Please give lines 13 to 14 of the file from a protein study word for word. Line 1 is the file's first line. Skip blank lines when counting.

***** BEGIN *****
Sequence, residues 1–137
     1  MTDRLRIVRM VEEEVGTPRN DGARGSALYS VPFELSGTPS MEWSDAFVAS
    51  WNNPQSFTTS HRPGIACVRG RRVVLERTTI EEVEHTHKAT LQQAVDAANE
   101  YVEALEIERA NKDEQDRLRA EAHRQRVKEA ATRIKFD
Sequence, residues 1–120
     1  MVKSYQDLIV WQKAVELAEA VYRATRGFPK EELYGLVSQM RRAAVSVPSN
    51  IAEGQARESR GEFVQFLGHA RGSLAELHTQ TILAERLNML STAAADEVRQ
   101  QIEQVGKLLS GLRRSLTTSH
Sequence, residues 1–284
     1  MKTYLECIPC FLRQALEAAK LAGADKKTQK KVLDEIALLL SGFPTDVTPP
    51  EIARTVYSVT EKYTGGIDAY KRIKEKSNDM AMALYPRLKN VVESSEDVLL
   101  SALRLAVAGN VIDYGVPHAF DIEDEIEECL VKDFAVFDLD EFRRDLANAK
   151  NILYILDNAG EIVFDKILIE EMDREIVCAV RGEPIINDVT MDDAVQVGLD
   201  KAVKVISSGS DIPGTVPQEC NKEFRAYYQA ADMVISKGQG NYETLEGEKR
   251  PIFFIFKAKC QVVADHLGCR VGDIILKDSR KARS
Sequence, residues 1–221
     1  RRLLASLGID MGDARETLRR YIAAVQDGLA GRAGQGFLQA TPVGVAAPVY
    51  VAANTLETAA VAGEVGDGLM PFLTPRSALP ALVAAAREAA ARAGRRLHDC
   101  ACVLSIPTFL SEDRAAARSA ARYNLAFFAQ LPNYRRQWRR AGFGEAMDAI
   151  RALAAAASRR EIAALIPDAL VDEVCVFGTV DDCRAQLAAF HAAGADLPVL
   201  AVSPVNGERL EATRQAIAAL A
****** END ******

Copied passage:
   151  NILYILDNAG EIVFDKILIE EMDREIVCAV RGEPIINDVT MDDAVQVGLD
   201  KAVKVISSGS DIPGTVPQEC NKEFRAYYQA ADMVISKGQG NYETLEGEKR